[erlang-questions] List comprehension question

Fred Hebert <>
Thu Jan 16 18:59:20 CET 2014


Learn You Some Erlang mentions that feature! In the list comprehensions
section of the first chapter (http://learnyousomeerlang.com/starting-out-for-real#list-comprehensions)
the following example is used:

    Note that the generator expressions coupled with pattern matching also
    act as a filter:

        6> Weather = [{toronto, rain}, {montreal, storms}, {london, fog},
        6>            {paris, sun}, {boston, fog}, {vancouver, snow}].
        [{toronto,rain},
         {montreal,storms},
         {london,fog},
         {paris,sun},
         {boston,fog},
         {vancouver,snow}]
        7> FoggyPlaces = [X || {X, fog} <- Weather].
        [london,boston]

    If an element of the list 'Weather' doesn't match the {X, fog} pattern,
    it's simply ignored in the list comprehension whereas the = operator
    would have thrown an exception.

Binary comprehensions are introduced in the same chapter.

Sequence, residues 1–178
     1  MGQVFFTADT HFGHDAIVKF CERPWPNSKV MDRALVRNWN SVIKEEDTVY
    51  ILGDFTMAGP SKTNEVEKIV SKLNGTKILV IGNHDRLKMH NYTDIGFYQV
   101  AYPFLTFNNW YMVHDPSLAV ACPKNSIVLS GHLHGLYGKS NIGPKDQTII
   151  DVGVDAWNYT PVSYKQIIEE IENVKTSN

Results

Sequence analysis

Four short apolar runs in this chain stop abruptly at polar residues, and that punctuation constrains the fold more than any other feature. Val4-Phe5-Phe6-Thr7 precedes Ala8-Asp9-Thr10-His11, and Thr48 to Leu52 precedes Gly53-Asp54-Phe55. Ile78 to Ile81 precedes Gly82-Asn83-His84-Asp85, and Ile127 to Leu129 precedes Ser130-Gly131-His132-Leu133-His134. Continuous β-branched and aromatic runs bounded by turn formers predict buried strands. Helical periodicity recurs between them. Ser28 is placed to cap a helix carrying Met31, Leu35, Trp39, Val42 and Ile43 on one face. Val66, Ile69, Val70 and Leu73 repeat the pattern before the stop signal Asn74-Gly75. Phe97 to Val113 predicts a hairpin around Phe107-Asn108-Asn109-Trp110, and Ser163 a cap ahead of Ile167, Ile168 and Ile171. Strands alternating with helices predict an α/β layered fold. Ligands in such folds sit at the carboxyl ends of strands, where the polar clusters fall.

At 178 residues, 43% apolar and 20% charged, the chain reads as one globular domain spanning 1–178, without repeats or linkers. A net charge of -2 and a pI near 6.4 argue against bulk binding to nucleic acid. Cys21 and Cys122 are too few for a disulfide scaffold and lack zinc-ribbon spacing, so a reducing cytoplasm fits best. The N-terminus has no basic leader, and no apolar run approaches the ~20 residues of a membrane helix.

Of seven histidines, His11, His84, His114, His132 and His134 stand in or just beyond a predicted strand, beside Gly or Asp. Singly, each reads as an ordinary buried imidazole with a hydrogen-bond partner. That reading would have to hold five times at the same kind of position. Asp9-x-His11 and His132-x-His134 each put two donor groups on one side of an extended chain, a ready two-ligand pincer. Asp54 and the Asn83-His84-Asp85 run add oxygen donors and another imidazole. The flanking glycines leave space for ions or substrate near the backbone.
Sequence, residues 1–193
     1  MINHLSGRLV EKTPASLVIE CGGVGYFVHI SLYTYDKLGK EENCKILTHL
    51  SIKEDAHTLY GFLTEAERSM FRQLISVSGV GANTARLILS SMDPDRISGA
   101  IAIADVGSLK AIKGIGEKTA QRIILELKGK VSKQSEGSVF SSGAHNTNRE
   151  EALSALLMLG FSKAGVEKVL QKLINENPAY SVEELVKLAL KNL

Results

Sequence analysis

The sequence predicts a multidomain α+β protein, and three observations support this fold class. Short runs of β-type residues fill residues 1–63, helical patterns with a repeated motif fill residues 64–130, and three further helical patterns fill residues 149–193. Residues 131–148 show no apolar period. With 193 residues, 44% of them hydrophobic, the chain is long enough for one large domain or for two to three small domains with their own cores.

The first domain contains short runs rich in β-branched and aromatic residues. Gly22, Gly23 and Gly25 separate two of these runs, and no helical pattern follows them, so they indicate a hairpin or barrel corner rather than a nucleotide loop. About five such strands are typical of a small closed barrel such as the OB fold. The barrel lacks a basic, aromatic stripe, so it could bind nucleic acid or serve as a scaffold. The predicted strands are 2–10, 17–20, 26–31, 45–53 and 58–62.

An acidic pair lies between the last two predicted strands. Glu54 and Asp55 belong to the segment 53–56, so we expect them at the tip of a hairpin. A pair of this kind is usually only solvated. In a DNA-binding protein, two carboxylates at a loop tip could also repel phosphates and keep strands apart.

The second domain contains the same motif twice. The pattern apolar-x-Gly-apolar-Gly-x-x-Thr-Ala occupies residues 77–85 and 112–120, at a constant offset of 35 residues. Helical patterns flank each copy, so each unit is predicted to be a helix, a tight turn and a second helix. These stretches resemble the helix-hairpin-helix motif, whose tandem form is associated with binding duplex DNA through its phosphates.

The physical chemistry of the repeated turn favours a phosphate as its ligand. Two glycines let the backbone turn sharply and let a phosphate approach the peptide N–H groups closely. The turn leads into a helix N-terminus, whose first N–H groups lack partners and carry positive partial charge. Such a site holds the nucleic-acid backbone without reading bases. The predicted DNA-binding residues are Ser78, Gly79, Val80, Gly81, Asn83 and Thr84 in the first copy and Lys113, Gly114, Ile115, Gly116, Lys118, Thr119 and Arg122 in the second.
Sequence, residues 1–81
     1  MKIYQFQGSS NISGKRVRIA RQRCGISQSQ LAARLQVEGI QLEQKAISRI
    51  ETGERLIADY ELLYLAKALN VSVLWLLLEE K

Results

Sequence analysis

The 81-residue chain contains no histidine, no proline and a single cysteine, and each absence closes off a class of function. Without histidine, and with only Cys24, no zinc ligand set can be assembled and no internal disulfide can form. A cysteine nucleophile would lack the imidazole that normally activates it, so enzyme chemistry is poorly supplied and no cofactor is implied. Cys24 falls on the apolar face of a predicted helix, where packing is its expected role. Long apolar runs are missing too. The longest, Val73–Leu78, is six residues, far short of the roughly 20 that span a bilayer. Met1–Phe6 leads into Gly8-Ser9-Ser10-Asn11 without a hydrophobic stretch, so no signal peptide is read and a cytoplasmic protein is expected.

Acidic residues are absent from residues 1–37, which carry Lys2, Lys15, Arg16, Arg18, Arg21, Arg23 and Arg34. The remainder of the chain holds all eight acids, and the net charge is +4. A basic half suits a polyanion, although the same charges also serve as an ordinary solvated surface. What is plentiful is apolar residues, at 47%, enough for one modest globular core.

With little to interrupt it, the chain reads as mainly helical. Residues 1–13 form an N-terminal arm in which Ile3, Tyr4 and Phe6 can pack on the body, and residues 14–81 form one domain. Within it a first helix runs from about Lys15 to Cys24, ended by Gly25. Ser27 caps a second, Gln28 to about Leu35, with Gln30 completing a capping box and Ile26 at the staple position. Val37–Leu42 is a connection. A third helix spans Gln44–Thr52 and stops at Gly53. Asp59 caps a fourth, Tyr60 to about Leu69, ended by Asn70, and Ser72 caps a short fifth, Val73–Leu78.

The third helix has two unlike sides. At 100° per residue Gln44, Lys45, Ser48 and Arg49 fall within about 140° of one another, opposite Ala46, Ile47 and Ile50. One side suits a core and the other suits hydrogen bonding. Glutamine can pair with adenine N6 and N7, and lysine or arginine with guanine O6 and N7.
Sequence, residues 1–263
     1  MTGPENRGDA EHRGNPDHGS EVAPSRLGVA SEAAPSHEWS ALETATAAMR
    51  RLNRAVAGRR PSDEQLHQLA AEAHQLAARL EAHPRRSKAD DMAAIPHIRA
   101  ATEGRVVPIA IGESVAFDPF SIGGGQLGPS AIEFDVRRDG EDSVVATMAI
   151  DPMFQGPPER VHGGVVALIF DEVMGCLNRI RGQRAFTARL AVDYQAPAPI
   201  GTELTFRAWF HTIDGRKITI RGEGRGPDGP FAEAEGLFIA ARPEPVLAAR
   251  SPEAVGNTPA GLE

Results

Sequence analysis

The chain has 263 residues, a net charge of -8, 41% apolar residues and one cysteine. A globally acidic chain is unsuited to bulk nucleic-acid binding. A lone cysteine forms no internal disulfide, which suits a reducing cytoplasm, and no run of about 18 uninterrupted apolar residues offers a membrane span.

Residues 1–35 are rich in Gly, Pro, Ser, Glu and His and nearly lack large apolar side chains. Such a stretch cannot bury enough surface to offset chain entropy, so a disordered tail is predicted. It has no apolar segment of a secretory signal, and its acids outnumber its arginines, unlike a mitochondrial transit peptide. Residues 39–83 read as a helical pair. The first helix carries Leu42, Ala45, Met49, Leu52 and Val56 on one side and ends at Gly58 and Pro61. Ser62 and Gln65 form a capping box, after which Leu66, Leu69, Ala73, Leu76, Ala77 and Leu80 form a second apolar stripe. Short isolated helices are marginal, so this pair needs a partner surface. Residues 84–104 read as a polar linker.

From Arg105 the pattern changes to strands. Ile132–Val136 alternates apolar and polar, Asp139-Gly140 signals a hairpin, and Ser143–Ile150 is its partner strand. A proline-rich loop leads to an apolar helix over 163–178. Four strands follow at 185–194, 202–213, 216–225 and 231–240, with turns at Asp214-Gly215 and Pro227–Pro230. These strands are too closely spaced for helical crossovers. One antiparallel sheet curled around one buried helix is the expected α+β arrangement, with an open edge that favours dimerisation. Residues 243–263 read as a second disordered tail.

Regards,
Fred.

On 01/16, Rich Neswold wrote:
> Hello,
> 
> This morning I became aware of a (powerful) feature of list
> comprehensions. Take the following example:
> 
>     [ X + Y || {X, Y} <- L].
> 
> If we set L to [{1,2}, ok, {1,3}], we get the result [3,4] instead of
> a pattern match exception (as I was expecting.) This means that list
> comprehensions give you a "free" lists:filter/2 in the generator
> expressions!
> 
> I've looked through the OTP documentation, quite a few Stack Overflow
> questions, and several list comprehension tutorials and none of them
> explicitly state that generator expressions filter elements that don't
> match their pattern. The web pages emphasize generators and guards are
> like combinations of lists:map and lists:filter, which isn't exactly
> correct. For instance, the above example is not the same as:
> 
>     lists:map(fun ({X, Y}) -> X + Y end, L).
> 
> but is more equivalent to:
> 
>     lists:foldr(fun ({X, Y}, Acc) -> [X + Y | Acc];
>                     (_, Acc) -> Acc
>                 end, [], L).
> 
> Is this an expected, but undocumented, feature of list comprehensions?
> Or am I in "undefined behavior" territory?
> 
> --
> Rich
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> 
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